Blood Donation Gifts in Japan Sold Through Online Flea Markets

The Yomiuri Shimbun
Food items, household goods, and a miniature car meant as gifts for blood donors are seen at a donation site of the Japanese Red Cross Society in Kawasaki in January.

Many thank-you gifts that were given to blood donors are being sold through online flea markets, a situation that concerns the Health, Labor and Welfare Ministry, as blood donations are not supposed to involve remuneration.

A search for “blood donation, souvenir” will bring up more than 500 items on a major Japanese flea market site that hosts transactions between individuals. Among the items are posters and clear files depicting characters from “Kimetsu no Yaiba” (Demon Slayer) and “SPY x FAMILY,” manga series popular among young people. There are even drinking glasses given to people who have repeatedly donated blood.

Messages like “I got this when I gave blood. I have some leftover, so I’m putting them up for sale” and

“It’s new and unopened” are attached to the items, most of which are sold for between several hundred yen and ¥1,000. In one case, however, ¥10,000 was paid for a limited-edition miniature car bearing the Japanese Red Cross Society (JRCS) logo. The car was jointly produced by the JRCS and major toy manufacturer Tomy Co.

All these items were given to people who donated blood. They were made by the JRCS in cooperation with various companies, with the production costs borne by the JRCS.

Down 50% from FY2005

The JRCS distributed these goods in an attempt to counter the drop in blood donations among young people.

About 5 million people have given blood annually since fiscal 2005. However, blood donors under 30 have declined markedly, falling nearly 50% from 1.73 million in fiscal 2005 to 910,000 in fiscal 2009.

Many give such reasons as being too busy due to work or household chores. Another factor is the recent cancellation of blood donations at schools amid the COVID-19 pandemic.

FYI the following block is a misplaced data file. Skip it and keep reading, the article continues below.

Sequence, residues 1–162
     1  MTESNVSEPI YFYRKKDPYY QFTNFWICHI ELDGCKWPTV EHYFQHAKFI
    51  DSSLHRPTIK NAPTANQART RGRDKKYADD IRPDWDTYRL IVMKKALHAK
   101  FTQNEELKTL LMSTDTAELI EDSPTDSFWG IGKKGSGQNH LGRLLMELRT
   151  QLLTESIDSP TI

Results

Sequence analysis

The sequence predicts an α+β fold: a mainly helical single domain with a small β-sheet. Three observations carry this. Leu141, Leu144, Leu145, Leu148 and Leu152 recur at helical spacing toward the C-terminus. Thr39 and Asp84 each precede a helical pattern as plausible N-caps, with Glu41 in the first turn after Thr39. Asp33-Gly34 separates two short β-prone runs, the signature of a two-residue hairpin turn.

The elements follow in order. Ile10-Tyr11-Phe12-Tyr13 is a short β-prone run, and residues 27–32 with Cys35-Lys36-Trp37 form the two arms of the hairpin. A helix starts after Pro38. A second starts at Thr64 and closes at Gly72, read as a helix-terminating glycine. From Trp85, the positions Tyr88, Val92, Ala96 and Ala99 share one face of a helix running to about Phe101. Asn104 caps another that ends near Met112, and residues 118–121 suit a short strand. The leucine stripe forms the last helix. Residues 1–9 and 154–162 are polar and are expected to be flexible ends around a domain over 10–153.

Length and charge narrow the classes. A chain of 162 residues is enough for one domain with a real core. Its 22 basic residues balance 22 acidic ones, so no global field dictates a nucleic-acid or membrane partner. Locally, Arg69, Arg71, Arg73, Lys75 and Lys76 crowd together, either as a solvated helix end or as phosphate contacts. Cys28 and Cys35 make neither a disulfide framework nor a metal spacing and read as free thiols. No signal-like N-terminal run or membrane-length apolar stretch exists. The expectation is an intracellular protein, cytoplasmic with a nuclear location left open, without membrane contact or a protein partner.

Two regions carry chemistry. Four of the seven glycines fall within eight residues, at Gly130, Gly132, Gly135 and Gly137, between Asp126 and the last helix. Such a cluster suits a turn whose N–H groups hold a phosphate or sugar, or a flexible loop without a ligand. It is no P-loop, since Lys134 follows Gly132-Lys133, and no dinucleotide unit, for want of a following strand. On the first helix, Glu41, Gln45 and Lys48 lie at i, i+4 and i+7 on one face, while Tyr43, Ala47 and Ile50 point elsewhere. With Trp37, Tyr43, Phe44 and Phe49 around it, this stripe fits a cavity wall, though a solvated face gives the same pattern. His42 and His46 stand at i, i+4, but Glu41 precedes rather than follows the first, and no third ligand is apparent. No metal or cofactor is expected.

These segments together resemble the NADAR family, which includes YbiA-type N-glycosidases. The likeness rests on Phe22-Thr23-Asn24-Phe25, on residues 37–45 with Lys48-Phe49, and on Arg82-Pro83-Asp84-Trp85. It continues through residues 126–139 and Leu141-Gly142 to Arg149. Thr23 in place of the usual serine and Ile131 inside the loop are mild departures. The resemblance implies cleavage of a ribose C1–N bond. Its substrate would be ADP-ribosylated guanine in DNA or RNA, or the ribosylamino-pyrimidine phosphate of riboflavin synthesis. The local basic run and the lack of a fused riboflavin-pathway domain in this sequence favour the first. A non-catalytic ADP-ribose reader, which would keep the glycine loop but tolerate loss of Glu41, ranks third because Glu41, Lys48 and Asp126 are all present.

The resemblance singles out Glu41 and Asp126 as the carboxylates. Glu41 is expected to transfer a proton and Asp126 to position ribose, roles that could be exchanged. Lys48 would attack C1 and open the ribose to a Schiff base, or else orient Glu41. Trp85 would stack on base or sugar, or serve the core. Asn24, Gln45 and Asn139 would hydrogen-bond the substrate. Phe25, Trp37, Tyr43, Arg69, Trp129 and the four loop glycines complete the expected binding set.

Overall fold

People between 16 and 69 are eligible to donate blood. Japanese society is graying with its declining birthrate, and if the number of people in need of blood transfusions increases while the number of blood donors decreases, there will not be enough blood products.

According to JRCS estimates, blood donations could fall short by 460,000 people in fiscal 2035.

Feeling a growing sense of crisis, the JRCS began distributing items related to anime popular among young people as thank-you gifts for donating blood from around 2014.

“This will help get people who are not familiar with blood donation to participate,” the JRCS said.

The gifts are marked as “not for resale” on the website where they are listed, but the health ministry has confirmed that they started being put on flea markets and auction sites a few years ago.

Ministry may seek ban

The Law on Securing a Stable Supply of Safe Blood Products prohibits paying to collect blood. Donations are supposed to be made on a volunteer basis.

“Selling these goods runs counter to the public interest,” said Kensaku Fukui, 57, a lawyer knowledgeable about resale issues. “If they’re sold at a high price, it might lead to essentially ‘selling blood,’ so relevant measures should be strengthened.”

There is no wording on the goods themselves that says they cannot be resold, and the JRCS does not say so when handing them out. Fukui said online flea market operators must take such steps as reminding users that selling these goods is prohibited.

The ministry’s blood control section said they plan to discuss ways to deal with the problem with flea market operators, and are considering asking them to take such measures as prohibiting such gifts from being sold through the markets.